The Argentinian submarine that disappeared over a fortnight ago vanished after water got into its snorkel and made the battery short-circuit, the navy has today revealed.
The ARA San Juan and its 44 crew members were last traced on November 15, when they were believed to have a maximum seven-day oxygen supply.
A loud bang was heard by Navy staff monitoring the ship, which they claim could have been the vessel imploding.
Before it went missing, the submarine had been ordered back to its Mar del Plata base after it reported water had entered through the snorkel, causing a battery short circuit, navy spokesman Enrique Balbi told a news conference today.
The ARA San Juan (pictured in June 2014) and its 44 crew members were last traced on November 15, when they were believed to have a maximum seven-day oxygen supply
He said: ‘They had to isolate the battery and continue to sail underwater toward Mar del Plata, using another battery.’
After contact with the San Juan was lost, the Vienna-based Comprehensive Nuclear Test-Ban Treaty Organization, an international body that runs a global network of listening posts designed to check for secret atomic blasts, detected a noise the navy said could have been the submarine’s implosion.
The search for the 65m diesel-electric submarine includes ships and planes from 13 countries, including the UK, USA, Russia and Brazil.
It is being concentrated in an area 267 miles from Argentina’s southern coast.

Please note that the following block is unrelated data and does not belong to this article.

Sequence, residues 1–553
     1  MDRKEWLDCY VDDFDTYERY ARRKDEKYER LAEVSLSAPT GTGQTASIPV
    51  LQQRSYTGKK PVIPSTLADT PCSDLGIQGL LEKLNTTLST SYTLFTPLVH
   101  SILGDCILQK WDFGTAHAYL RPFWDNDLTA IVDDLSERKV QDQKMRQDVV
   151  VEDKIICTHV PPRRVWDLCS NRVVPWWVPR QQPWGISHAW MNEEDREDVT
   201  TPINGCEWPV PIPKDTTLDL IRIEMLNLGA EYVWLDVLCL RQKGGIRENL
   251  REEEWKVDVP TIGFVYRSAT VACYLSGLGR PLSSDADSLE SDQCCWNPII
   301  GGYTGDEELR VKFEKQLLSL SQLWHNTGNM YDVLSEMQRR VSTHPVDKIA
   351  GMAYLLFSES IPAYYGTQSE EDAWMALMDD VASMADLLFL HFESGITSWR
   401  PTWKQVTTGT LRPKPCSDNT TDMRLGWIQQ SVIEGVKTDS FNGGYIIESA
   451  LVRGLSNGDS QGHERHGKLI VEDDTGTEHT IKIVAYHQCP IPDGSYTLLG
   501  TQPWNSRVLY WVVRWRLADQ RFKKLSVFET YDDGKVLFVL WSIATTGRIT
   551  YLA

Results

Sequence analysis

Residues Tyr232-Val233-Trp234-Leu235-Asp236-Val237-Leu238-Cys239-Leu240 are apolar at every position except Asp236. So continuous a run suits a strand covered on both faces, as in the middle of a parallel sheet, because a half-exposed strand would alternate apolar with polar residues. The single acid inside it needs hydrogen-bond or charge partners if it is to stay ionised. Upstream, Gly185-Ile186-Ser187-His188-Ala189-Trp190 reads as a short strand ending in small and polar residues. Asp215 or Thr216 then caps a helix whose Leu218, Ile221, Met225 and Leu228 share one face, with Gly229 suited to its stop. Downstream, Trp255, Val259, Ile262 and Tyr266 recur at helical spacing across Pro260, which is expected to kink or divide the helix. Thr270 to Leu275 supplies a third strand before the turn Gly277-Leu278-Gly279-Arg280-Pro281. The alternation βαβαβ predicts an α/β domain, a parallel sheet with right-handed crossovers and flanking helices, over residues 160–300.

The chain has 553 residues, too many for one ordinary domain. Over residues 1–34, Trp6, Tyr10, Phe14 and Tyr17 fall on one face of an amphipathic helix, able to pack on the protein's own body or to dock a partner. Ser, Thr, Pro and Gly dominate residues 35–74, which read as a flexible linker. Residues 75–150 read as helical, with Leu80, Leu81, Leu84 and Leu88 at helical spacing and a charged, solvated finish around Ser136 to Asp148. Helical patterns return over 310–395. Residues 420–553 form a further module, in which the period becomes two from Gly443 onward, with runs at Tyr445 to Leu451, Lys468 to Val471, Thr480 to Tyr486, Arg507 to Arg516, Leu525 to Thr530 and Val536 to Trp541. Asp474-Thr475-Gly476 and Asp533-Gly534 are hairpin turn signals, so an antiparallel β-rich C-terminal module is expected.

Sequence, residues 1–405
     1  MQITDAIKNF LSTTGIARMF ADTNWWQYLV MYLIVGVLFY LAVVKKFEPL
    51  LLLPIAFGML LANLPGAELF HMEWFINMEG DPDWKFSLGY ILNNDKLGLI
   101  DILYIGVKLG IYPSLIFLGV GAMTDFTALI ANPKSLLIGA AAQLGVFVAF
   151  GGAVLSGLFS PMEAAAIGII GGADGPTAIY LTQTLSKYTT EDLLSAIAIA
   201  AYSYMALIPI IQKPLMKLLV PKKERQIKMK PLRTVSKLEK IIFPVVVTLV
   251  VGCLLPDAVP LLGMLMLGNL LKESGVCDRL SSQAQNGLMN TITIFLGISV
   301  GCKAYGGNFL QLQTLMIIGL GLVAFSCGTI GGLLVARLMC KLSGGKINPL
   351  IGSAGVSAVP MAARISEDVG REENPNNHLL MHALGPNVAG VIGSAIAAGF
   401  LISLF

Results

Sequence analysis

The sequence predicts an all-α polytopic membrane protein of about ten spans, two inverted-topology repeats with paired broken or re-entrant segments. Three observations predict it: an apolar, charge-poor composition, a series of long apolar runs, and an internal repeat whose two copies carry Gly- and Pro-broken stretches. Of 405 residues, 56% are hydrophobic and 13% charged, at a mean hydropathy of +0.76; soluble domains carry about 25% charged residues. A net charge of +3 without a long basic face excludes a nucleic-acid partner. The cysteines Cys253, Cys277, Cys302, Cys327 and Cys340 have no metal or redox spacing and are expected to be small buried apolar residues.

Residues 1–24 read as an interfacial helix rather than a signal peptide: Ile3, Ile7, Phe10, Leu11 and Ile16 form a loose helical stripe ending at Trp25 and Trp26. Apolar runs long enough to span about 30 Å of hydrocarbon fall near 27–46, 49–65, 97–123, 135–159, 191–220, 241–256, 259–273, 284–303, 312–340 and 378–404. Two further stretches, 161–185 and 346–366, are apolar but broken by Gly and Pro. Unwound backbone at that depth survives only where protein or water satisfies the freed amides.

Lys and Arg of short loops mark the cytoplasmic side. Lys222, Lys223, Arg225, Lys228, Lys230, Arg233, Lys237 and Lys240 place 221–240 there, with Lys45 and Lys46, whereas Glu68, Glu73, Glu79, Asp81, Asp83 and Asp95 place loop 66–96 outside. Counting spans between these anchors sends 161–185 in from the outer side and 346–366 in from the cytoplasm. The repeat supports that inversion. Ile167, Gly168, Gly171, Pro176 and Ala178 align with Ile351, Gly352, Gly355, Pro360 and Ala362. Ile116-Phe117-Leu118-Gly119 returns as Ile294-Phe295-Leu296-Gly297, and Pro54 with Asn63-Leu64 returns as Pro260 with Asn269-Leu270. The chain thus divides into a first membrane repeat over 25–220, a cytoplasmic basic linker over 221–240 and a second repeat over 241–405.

There are mixed feelings regarding the fate of the crew on board.
Yesterday Mr Balbi told reporters he was not ruling out the situation of ‘extreme survival’ and believes they could still be alive.
Before it went missing, the submarine had been ordered back to its northern Mar del Plata base after it reported water had entered through the snorkel, causing a battery short circuit, navy spokesman Enrique Balbi (pictured) told a news conference today
Relatives of crew members have focused on the possibility the submarine may have been able to rise high enough in the ocean to refill its oxygen tanks at some point after its disappearance.
Some refuse to give up hope, while others are convinced their loved ones will not come back alive after the 4,000 personnel looking for the sub failed to find any sign of it.
While several people are determined there is no physical evidence of an implosion, the wife of crew member German Suarez Itali Leguizamon says she believes her husband is dead.
A US navy undersea rescue command is pictured off the Argentinian coast on Saturday preparing to take part in the search mission
She told reporters: ‘There is no way they are alive.
‘It is not that I want this. I love him. I adore him. He left his mother and sister behind, but there is no sense in being stubborn.
‘The other families are attacking me for what I am saying,’ she said, ‘but why have they not found it yet? Why don’t they tell us the truth?’
Bad weather conditions were also reported at the time of the vessel’s disappearance, with winds of between 31 and 56 mph.
A relative of one of the members of crew on board the San Juan is pictured distraught at the Mar del Plata base
A woman sits with an Argentinian flag draped over her shoulder in front of a sign that reads ‘Have strength Argentina that the 44 will come back in the company of the angels’
Tributes paid to those feared dead in the disappearance of the San Juan submarine